How you approach offshore sailing is key to the success of each passage. In addition, some of the most valuable, even crucial attitudes and skills may not be either learned or valued in everyday life on shore and may even fly in the face of talents that are greatly admired and sought after. The following is what I’ve learned over my years of sailing offshore.
After 15 years of coastal cruising, I decided to take my LeComte Northeast 38, Early Riser, on my first offshore passage, a round trip from New York to Bermuda, to see if bluewater sailing was for me. We prepared endlessly, expecting a five- to six-day passage south. The trip did not go as planned. On day one, we bumped our overloaded boat onto a shoal in New York Harbor. After that came a couple of days at sea of near-flat calm.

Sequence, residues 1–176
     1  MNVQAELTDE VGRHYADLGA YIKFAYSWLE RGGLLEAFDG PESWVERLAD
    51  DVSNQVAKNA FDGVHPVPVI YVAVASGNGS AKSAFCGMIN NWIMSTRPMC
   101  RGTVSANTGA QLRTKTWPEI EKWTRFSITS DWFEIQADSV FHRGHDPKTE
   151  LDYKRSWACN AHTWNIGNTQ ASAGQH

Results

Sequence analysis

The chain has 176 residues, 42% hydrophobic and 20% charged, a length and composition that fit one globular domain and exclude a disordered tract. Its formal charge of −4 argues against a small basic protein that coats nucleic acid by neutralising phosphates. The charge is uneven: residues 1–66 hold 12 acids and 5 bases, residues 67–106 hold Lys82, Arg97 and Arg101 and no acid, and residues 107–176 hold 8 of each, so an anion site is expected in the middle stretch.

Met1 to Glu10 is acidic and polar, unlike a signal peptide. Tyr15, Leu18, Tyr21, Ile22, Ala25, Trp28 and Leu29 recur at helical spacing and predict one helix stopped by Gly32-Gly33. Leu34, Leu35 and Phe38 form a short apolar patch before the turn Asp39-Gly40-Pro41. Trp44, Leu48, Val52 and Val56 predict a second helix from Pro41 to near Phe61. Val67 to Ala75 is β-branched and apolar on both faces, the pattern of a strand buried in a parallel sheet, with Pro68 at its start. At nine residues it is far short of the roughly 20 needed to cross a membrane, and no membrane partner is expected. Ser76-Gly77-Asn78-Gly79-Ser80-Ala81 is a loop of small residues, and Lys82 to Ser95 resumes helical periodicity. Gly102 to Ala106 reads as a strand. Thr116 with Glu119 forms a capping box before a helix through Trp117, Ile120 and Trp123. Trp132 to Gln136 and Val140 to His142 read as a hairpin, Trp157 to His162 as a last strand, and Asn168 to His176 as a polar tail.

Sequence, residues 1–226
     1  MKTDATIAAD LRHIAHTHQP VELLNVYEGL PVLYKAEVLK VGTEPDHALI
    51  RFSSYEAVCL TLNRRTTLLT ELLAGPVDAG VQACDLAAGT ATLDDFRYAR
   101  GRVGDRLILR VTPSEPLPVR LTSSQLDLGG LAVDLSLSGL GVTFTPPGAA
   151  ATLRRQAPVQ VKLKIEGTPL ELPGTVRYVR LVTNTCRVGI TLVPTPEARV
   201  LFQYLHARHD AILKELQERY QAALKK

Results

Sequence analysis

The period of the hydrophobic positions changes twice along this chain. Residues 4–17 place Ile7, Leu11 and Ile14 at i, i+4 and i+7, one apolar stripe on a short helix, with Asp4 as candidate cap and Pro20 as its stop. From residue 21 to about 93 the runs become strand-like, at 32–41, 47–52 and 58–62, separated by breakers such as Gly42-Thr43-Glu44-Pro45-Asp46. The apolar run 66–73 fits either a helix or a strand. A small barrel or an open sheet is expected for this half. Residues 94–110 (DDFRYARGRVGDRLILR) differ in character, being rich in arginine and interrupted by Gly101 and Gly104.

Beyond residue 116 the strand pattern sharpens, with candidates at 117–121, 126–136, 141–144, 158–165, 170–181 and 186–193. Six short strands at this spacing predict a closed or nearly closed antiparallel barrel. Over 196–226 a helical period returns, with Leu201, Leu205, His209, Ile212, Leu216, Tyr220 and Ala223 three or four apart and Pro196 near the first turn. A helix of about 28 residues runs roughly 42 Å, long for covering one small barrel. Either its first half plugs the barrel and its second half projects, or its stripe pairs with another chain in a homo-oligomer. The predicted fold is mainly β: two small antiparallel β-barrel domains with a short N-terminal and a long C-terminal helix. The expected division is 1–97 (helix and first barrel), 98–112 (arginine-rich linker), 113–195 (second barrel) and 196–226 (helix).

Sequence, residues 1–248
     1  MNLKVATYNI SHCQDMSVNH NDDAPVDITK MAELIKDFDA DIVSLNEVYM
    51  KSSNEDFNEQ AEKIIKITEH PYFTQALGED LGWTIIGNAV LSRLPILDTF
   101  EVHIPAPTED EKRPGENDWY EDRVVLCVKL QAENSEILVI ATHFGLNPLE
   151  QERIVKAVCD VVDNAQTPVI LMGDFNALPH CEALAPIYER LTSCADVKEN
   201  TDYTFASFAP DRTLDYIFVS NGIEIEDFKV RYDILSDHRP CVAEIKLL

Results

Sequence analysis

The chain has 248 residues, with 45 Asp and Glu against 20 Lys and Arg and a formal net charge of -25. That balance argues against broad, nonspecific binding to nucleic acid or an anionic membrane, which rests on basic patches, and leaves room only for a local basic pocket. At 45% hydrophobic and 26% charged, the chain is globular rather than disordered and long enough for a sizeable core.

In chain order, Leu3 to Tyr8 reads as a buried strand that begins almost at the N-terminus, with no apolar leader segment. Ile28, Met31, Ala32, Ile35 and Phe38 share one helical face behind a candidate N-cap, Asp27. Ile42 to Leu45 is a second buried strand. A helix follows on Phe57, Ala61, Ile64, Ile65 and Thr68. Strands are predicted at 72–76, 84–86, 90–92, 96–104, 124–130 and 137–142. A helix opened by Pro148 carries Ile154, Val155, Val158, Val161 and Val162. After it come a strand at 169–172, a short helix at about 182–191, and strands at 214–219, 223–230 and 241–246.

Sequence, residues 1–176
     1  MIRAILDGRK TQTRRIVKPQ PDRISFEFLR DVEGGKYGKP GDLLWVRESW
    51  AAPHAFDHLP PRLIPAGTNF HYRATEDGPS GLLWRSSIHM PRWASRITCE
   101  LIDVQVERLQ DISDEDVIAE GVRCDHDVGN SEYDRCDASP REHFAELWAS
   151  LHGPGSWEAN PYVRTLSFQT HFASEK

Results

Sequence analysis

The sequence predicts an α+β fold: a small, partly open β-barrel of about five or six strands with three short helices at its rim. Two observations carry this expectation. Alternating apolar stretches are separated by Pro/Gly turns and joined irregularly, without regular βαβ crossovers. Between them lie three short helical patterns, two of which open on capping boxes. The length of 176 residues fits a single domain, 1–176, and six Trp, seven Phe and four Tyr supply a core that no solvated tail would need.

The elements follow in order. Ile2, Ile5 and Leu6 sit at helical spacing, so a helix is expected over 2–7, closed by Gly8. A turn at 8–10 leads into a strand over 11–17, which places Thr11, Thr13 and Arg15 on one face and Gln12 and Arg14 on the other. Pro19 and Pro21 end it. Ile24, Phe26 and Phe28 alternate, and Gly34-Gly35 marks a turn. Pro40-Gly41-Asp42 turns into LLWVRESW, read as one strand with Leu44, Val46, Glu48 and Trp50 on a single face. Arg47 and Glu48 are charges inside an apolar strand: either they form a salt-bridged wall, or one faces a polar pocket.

Then—careful what you wish for—we were chased by a tropical storm that forced us significantly off course. We hove-to until the storm left us behind, ending the now nine-day passage with a boisterous close-reach to our destination.
Like many I have talked with since I was little prepared for how much I would be freaked out by this nerve-wracking journey and all it would stir up in me. Fortunately, the return passage was far more what I’d expected and hoped for.
It was only much later and with some reflection that I began to understand some of the learning, even growing, that began on that first passage. Twelve years of full-time, liveaboard life and numerous other passages have further solidified my thoughts.
Generally, in our everyday lives on land, we learn the skills that best get us through whatever it is we are presented with, picking up techniques from our parents, our genetics, our environment and our culture. The skills we develop are in large measure determined by the challenges we face. We don’t learn to paddle a canoe living in the desert, nor do we learn cooperation and compromise if we face most challenges on our own.